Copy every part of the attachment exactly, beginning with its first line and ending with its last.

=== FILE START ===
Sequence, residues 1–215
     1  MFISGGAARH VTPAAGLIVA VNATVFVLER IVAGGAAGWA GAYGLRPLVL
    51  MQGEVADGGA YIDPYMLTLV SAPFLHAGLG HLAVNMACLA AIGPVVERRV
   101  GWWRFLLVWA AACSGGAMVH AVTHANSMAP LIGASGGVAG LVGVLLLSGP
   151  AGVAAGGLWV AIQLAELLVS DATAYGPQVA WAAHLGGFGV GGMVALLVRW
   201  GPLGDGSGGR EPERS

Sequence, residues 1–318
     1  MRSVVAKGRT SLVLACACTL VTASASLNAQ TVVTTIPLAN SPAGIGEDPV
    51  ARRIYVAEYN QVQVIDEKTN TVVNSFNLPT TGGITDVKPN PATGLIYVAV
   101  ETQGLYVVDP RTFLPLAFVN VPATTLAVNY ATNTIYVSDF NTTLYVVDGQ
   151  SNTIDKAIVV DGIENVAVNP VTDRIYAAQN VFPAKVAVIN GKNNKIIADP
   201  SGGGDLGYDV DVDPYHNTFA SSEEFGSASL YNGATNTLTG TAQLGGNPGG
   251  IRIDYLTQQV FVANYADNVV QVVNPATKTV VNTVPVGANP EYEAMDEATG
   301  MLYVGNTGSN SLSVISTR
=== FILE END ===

Sequence, residues 1–215
     1  MFISGGAARH VTPAAGLIVA VNATVFVLER IVAGGAAGWA GAYGLRPLVL
    51  MQGEVADGGA YIDPYMLTLV SAPFLHAGLG HLAVNMACLA AIGPVVERRV
   101  GWWRFLLVWA AACSGGAMVH AVTHANSMAP LIGASGGVAG LVGVLLLSGP
   151  AGVAAGGLWV AIQLAELLVS DATAYGPQVA WAAHLGGFGV GGMVALLVRW
   201  GPLGDGSGGR EPERS

Sequence, residues 1–318
     1  MRSVVAKGRT SLVLACACTL VTASASLNAQ TVVTTIPLAN SPAGIGEDPV
    51  ARRIYVAEYN QVQVIDEKTN TVVNSFNLPT TGGITDVKPN PATGLIYVAV
   101  ETQGLYVVDP RTFLPLAFVN VPATTLAVNY ATNTIYVSDF NTTLYVVDGQ
   151  SNTIDKAIVV DGIENVAVNP VTDRIYAAQN VFPAKVAVIN GKNNKIIADP
   201  SGGGDLGYDV DVDPYHNTFA SSEEFGSASL YNGATNTLTG TAQLGGNPGG
   251  IRIDYLTQQV FVANYADNVV QVVNPATKTV VNTVPVGANP EYEAMDEATG
   301  MLYVGNTGSN SLSVISTR